Cafe Genevieve Block Proposal

The rezone goal is to preserve historic structures and green space while concentrating development in the northwest, Deloney-facing corner.

A community effort to preserve a downtown historic block is facing a critical step: seeking a rezone from the town of Jackson.

The first public hearing on an application to rezone a portion of the Broadway block that is home to Persephone Bakery, Healthy Being Juicery and Cafe Genevieve will be Wednesday evening. The town Planning and Zoning Commission will meet at 5:30 p.m. at Town Hall.

The rezone is being requested by a coalition of community partners, spearheaded by the Jackson Hole Land Trust, working to preserve the block’s character. As part of a broader plan to preserve green space and historic buildings, the coalition is asking the town to rezone the northwest corner of the property. The location is home to Belle Cose At Home, Home Design and Workshop.

The goal is to concentrate development in that northwest, Deloney-facing corner. The rest of the property, with support from public donations, would have conservation and historic easements put in place to protect open space and historic character.

“For the whole block to work, we’ve had to push the development and really make it so that it can be in that northwest corner,” Jackson Hole Land Trust President Laurie Andrews said. “Because of that, this rezone is key. With a $22 million project that corner continues to be pivotal to making certain we can pull all the pieces together.”

The new zone, Downtown Core, would be similar to the existing zone, Urban Commercial, except that it allows for taller buildings, residential use, access to a workforce housing bonus and new pedestrian frontage standards.

It’s the same zoning requested last September, when the property was under contract for sale to become a hotel. At that time, landowner Gardner Capital Management applied to rezone the entire property to Downtown Core. In exchange for a rezone Gardner Capital offered to permanently preserve the Cafe Genevieve building on-site and to move the other two to “meaningful locations.”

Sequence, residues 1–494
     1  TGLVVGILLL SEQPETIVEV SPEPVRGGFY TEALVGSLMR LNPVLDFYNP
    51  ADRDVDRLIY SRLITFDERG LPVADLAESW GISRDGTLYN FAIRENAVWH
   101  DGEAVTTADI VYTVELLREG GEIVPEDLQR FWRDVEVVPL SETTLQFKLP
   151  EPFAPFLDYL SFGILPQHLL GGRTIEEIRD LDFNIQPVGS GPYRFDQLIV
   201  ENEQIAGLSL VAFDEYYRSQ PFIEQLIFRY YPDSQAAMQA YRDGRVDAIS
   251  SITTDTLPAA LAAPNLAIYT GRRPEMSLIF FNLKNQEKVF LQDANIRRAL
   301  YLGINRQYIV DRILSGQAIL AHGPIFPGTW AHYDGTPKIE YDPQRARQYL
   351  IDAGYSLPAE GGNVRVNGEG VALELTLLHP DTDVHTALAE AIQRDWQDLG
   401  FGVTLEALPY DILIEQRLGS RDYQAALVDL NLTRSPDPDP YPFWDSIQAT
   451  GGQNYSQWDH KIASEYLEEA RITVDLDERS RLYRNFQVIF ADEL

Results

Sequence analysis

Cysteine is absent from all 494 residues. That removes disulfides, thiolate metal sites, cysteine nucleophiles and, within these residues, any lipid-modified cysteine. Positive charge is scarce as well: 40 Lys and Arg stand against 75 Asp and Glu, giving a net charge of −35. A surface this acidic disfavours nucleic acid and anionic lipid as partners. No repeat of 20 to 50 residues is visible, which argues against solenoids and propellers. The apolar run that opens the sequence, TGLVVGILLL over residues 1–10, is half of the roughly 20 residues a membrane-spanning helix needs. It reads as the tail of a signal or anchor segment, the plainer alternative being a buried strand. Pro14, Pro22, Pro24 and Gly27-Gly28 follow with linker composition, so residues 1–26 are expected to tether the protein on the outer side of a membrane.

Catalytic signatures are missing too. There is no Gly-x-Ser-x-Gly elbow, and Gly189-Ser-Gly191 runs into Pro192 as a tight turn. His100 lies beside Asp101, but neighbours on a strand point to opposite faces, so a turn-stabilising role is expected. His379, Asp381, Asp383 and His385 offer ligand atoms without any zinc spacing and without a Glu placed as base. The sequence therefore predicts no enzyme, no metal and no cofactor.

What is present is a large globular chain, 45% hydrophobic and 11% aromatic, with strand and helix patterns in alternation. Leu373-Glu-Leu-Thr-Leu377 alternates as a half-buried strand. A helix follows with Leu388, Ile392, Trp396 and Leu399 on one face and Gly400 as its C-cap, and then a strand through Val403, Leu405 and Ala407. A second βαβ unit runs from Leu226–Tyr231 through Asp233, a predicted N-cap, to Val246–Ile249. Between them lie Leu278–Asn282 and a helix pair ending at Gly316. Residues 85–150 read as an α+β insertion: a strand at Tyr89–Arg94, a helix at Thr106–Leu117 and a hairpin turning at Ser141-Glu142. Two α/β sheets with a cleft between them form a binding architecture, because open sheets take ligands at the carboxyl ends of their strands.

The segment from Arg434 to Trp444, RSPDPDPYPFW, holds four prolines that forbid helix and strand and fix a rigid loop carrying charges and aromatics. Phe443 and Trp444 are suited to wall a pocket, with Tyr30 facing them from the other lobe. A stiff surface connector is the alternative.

But that rezoning proposal and the anticipated redevelopment into a hotel elicited a strong community reaction and push to preserve the block’s character as is. Ultimately, Gardner Capital withdrew the rezoning application after planning staff and town planning commissioners rejected it, hoping to get a better deal on preserving more of the block.

The community outpouring spurred the Jackson Hole Land Trust to lead the current campaign to “Save the Block.”

In April an anonymous family stepped up to put the property under contract, buying time for the community to fund-raise for the easements needed to preserve the green space and historic buildings. The family does not plan to develop or steward the land long term. Rather, the goal is to achieve preservation of what the community cherishes while recouping the costs of the purchase price. The vision is for the cabins’ individual lots to be sold off and protected, with Land Trust raising funds for easements preserving the green space between Persephone and the Juicery.

Town planners are recommending approval of the rezone this time around, because the land under the historic buildings is excluded from the area proposed for a rezone. Planners determined the updated zoning is appropriate for a portion of the block and would match the surrounding area.

The town and county also plan to ask voters to approve a $4.4 million specific purpose excise tax to help the Jackson Hole Historical Society and Museum potentially relocate to the southeast corner of the block, if the coalition’s plan is a success.

Interested donors can learn about the campaign to raise $8 million by August to preserve the cultural landscape along Broadway at SaveTheBlock.org.

Contact Allie Gross by calling 732-7063 or emailing county@jhnewsandguide.com.

Allie Gross covers Teton County government. Originally from the Chicago area, she joined the News&Guide in 2017 after studying politics and Spanish at Vanderbilt University in Nashville.

(0) comments

Welcome to the discussion.

Keep it clean. Please avoid obscene, vulgar, lewd, racist or sexually-oriented language.
Please turn off your CAPS LOCK.
No personal attacks. Discuss issues & opinions rather than denigrating someone with an opposing view.
No political attacks. Refrain from using negative slang when identifying political parties.
Be truthful. Don’t knowingly lie about anyone or anything.
Be proactive. Use the “Report” link on each comment to let us know of abusive posts.
Share with us. We’d love to hear eyewitness accounts or history behind an article.
Use your real name: Anonymous commenting is not allowed.
If you share a web address, please provide context as to why you posted the link.